CLEVELAND — On their best day, the Browns would have trouble beating the Baltimore Ravens.
So when Cleveland plays like it did Sunday afternoon, it has absolutely no chance.
Baltimore capitalized on a myriad of Browns mistakes, including four very preventable turnovers, as it dominated the final 31/2 quarters of a 20-10 victory.
The outcome was a bitter pill for embattled Cleveland coach Eric Mangini, but one he was forced to swallow.
“What killed us were the turnovers and mistakes that we made,” he said. “With all the different things a team like Baltimore can do, it makes it incredibly difficult to overcome our errors.
“That being said, I thought we had other opportunities to score to put ourselves in position at the end to at least be (within seven points) — and we just weren’t able to do it.”
The Browns came to the lakefront ready to rumble, which they made clear to the Ravens during the late morning warm-ups.
Fullback Lawrence Vickers jawed with Baltimore superstar Ray Lewis, which prompted linebacker Matt Roth to go after Terrell Suggs of the Ravens. The latter incident was on the verge of turning ugly before both scary individuals were separated.
Browns guard Eric Steinbach then mocked Lewis’ infamous dance during the player introductions, much to the delight of the home crowd.
“They came to play today. You could see it in pregame and you could see it right until the last second,” Baltimore coach John Harbaugh said. “I think the Browns are a really good football team and a highly motivated football team. We knew that coming in.”
Unfortunately, the Ravens are a much better football team, which is why they are headed to the playoffs for the third year in a row.
Cleveland, meanwhile, has qualified for the postseason exactly once since 1995 when the original Browns moved to Baltimore.
The Ravens have one of the NFL’s top young quarterbacks in Joe Flacco, while Cleveland is hoping that Colt McCoy can join that group next season. McCoy looked every bit like the rookie he is by throwing three interceptions, two going to notorious ballhawk Ed Reed.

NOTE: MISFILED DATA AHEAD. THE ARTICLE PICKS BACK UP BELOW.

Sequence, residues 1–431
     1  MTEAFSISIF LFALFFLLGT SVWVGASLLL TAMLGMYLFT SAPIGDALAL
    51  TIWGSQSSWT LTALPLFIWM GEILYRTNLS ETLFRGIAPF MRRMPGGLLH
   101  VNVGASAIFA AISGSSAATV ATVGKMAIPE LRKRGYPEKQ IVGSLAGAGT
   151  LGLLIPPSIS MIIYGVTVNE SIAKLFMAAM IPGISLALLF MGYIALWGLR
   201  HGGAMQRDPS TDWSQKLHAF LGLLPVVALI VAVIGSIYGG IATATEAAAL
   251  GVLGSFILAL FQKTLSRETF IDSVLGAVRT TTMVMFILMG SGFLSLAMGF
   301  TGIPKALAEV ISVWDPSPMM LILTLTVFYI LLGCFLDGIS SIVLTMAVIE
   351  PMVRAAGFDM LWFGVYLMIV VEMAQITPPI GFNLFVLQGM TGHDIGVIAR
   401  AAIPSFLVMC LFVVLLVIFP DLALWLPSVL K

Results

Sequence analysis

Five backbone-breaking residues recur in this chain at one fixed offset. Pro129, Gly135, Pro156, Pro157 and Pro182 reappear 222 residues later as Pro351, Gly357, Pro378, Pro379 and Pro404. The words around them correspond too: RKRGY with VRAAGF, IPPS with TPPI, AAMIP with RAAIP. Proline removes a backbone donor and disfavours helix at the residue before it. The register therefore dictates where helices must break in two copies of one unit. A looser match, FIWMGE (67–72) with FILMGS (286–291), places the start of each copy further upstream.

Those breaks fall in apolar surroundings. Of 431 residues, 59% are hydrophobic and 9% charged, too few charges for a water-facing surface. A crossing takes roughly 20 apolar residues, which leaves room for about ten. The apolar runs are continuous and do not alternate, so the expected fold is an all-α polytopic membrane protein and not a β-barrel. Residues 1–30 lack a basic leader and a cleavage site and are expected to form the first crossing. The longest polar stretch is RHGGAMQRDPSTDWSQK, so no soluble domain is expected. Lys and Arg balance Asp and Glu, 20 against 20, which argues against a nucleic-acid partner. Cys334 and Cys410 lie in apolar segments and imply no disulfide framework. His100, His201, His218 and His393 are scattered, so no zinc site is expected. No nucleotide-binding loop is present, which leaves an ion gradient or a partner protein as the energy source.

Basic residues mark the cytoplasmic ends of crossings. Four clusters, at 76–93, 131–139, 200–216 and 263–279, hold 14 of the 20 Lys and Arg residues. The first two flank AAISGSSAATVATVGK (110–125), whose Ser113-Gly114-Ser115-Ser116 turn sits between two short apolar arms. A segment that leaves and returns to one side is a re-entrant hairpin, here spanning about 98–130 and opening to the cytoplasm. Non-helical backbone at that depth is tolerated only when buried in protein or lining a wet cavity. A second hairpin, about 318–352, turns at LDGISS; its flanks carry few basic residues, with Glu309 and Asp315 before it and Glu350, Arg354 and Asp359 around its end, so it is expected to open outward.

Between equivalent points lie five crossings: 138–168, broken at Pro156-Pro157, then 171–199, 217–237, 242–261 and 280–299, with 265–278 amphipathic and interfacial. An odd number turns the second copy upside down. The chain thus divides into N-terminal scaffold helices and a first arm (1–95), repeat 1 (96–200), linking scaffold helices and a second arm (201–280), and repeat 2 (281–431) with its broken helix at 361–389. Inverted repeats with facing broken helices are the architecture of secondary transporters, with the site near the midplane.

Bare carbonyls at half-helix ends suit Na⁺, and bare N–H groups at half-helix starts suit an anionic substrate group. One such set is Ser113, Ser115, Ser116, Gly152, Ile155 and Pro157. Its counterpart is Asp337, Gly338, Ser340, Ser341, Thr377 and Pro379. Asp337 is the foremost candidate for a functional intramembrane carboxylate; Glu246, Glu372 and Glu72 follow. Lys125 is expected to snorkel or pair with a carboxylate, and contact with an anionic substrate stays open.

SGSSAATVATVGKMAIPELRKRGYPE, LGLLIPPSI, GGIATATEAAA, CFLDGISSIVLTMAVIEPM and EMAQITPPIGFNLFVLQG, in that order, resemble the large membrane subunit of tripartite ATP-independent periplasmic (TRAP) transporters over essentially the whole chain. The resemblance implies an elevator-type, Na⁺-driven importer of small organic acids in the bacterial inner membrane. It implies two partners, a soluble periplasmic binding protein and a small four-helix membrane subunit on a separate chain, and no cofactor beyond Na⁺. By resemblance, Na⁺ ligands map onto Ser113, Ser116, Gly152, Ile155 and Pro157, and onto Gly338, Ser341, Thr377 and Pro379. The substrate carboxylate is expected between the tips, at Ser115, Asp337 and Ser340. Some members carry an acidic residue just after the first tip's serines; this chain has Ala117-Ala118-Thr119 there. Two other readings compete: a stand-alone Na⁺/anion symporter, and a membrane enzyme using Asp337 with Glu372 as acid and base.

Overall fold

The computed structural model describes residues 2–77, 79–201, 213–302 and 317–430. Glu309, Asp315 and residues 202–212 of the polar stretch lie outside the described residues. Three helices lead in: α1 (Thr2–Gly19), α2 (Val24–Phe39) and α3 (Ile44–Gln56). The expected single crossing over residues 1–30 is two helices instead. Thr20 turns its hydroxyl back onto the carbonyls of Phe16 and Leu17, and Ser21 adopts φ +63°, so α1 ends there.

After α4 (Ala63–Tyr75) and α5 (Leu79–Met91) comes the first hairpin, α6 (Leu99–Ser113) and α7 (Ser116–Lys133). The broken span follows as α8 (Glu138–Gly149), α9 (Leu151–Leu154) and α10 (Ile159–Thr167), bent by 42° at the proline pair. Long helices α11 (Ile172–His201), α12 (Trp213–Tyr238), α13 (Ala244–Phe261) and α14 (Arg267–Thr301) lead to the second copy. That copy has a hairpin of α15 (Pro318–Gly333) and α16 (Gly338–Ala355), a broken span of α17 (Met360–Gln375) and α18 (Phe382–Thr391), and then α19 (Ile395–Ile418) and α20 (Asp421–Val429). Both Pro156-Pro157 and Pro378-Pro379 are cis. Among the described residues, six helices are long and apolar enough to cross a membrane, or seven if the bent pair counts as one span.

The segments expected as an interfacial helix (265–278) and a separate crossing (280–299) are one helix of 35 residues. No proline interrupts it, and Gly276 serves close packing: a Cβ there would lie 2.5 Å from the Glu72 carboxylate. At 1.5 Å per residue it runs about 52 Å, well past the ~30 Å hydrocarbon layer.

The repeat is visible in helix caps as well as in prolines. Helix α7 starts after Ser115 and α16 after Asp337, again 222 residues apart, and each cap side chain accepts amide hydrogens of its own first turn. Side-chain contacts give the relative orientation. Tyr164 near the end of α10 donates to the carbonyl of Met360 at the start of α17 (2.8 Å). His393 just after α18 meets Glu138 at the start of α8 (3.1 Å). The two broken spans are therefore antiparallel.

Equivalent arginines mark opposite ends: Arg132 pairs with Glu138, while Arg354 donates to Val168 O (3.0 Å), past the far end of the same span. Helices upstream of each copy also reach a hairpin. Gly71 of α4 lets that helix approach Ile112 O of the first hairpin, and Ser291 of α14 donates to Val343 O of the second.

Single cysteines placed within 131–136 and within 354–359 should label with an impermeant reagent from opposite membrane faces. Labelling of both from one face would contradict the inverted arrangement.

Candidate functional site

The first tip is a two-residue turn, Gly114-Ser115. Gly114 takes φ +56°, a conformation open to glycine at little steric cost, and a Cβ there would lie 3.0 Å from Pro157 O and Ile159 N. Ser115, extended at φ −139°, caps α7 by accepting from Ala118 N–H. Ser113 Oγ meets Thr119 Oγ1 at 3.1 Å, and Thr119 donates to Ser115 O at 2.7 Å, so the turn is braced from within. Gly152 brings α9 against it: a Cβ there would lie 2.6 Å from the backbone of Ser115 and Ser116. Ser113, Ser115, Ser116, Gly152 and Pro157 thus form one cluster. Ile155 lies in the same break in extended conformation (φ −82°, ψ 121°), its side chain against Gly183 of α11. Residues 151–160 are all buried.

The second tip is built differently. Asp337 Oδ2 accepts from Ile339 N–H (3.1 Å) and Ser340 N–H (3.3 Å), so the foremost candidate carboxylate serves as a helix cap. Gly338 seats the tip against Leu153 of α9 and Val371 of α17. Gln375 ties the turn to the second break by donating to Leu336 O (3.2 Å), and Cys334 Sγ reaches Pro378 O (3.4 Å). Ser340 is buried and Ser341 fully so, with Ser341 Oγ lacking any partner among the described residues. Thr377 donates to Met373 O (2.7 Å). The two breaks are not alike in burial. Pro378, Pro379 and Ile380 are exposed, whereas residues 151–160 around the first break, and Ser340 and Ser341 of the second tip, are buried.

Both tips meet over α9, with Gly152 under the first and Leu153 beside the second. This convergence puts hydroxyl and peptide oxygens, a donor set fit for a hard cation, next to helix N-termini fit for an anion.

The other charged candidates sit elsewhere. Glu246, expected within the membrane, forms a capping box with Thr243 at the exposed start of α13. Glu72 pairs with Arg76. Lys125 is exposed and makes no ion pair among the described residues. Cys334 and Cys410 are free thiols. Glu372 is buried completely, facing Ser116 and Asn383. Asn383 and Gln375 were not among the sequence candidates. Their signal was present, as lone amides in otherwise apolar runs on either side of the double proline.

“It was a playoff atmosphere (on the field),” Reed said. “Much respect to Cleveland. They hung around and gave themselves a chance to win. We just made a couple more plays.”
Perhaps as important as who it has under center, Baltimore has a fine offensive coordinator in Cam Cameron, while Browns counterpart Brian Daboll remains a work in progress.
Daboll has shown a knack for calling the right plays early in games, as he did against the Ravens, but gets less effective as the clock winds down.
Cleveland wide receiver Joshua Cribbs finally spoke out about that recurring trend, but stopped short of outright criticism.
“If I knew what to do, I’d have a headset on,” Cribbs said. “That’s their job.”
That might not be the case for long, though, as Daboll and Mangini are now sitting on very hot seats.
It’s not quite as dangerous as the space heater that set Reed’s jacket ablaze on the sideline, but it could wind up burning a lot more people.
“I didn’t realize that he actually had caught on fire,” Harbaugh quipped. “What’s my daughter say? Stop, drop and roll, OK? We’ll have to remember that.”
So will the Browns’ coaching staff. But unfortunately for them, not even Smokey the Bear can stop the wildfire that appears ready to engulf them.
Contact Brian Dulik at firstname.lastname@example.org.